UP: Saturday’s crest of the Blanchard River in Findlay, at 12.37 feet, made it into the moderate flooding range, but it was still 3 inches short of the river’s top-10 flood list. No one, of course, was complaining. It was an anxious 48 hours for many. To their credit, Findlay officials kept a watchful eye on the gauges on the Blanchard, as well as Eagle and Lye creeks. They also paid close attention to predictions from the National Weather Service and made sure the public was kept up to date. Being proactive is always better than downplaying the flood possibilities, considering how unpredictable the Blanchard can be. Had another inch or so of rain fallen in the wrong area of the watershed, the results could have been far worse. If practice makes perfect, than many residents have become experts in flood watching.

UP: For the 23rd year in a row, United Way organized more than 1,000 volunteers who worked for nonprofit organizations all over Hancock County. Most worked at least four hours, helping save local nonprofits thousands of dollars in labor. The Days of Caring event took place from May 1-5 and the weather did not deter volunteers. Kudos to the workplaces that allowed their employees to get out into the community for these work opportunities. The community is a better, brighter place because of it.

UP: Remember a couple years ago when city officials talked about adding “roundabouts” to a couple of Findlay intersections as part of future roadway improvements? The idea got about as much public support back then as reverse-angle parking on Main Street, and may have been too bold for Findlay. In the end, roundabouts didn’t pan out because two possible locations, the intersection of Sixth and Blanchard streets, and another at West Sandusky Street and Western Avenue, would have required land acquistions to accommodate them. But roundabouts are back in our future. Two of them, one on each side of U.S. 68/Ohio 15, will be built for motorists at the Lima Avenue interchange, which is to be reconfigured as part of the project to widen and reconstruct I-75 through Findlay. Still don’t like the idea? Relax. There’s no need to worry about them appearing anytime soon. The project is expected to take up to three years.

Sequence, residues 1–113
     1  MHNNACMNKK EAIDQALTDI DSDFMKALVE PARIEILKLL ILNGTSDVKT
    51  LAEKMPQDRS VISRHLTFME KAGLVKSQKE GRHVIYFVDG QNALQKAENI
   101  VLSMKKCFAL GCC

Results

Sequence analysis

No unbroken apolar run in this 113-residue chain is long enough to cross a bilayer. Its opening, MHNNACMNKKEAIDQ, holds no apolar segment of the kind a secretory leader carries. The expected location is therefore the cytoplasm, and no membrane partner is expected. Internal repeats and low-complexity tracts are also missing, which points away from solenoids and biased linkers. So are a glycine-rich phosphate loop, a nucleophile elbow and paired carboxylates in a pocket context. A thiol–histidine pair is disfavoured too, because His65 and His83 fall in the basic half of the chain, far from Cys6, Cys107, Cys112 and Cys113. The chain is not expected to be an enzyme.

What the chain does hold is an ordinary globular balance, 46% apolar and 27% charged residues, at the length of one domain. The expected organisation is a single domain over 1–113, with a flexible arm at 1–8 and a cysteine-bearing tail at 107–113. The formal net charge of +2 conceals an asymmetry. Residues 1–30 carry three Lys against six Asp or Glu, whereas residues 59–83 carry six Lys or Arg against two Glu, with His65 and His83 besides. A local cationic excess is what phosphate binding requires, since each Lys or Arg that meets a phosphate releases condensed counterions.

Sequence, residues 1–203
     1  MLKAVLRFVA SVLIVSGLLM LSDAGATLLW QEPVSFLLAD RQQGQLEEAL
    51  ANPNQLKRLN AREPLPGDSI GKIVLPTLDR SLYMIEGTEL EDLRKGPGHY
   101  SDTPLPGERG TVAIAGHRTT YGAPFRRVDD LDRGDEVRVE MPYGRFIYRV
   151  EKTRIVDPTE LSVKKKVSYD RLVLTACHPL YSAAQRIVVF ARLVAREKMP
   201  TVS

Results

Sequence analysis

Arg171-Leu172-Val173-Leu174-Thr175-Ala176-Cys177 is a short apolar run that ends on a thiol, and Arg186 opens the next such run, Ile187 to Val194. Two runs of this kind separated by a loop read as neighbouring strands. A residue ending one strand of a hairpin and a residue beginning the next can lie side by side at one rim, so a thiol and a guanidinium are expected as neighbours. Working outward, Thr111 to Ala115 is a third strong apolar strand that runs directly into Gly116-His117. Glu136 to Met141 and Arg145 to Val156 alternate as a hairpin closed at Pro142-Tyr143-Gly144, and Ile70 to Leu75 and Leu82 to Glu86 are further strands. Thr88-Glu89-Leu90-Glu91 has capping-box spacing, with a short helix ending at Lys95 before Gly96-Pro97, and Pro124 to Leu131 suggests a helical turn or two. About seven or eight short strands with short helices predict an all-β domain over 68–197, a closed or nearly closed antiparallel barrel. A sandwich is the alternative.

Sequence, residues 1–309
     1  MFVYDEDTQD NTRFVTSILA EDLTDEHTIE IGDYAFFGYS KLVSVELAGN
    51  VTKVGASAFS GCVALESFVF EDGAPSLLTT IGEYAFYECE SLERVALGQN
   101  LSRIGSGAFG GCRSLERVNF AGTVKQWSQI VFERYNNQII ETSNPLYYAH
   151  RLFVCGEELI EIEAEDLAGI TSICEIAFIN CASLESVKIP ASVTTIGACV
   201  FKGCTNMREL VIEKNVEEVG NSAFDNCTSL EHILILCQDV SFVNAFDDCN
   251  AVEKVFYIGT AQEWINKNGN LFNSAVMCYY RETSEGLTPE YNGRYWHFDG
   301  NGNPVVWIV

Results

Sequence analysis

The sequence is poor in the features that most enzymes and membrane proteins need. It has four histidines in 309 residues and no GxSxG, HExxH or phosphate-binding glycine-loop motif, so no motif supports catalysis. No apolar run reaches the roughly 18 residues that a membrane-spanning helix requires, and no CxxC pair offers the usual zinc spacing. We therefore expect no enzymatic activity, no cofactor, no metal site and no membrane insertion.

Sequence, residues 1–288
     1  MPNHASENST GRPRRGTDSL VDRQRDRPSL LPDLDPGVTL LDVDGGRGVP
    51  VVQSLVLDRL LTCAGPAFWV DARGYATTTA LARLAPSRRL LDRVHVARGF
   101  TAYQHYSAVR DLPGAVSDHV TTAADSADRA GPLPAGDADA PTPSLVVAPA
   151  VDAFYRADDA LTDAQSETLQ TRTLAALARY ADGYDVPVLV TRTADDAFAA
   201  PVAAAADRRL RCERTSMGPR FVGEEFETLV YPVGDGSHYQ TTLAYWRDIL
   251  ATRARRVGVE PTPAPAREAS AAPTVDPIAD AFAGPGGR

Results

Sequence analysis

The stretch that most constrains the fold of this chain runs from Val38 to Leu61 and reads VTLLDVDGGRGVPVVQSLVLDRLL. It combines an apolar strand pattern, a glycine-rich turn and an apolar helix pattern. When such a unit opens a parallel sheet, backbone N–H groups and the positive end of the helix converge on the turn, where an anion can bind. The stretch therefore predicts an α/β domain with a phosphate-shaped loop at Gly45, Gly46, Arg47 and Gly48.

UP: A changing of the guard took place recently in Putnam County, where Keith Schierloh was sworn in as the county’s 16th common pleas court judge. Such ceremonies don’t happen very often in Putnam County. Schierloh’s inauguration was the first for a common pleas court judge in nearly 30 years. Schierloh, 45, who was elected in November, replaced Randall L. Basinger, who served as judge since 1987. Schierloh’s first day on the bench was yesterday and, if history repeats itself, he may be there for a long time. Good luck, judge.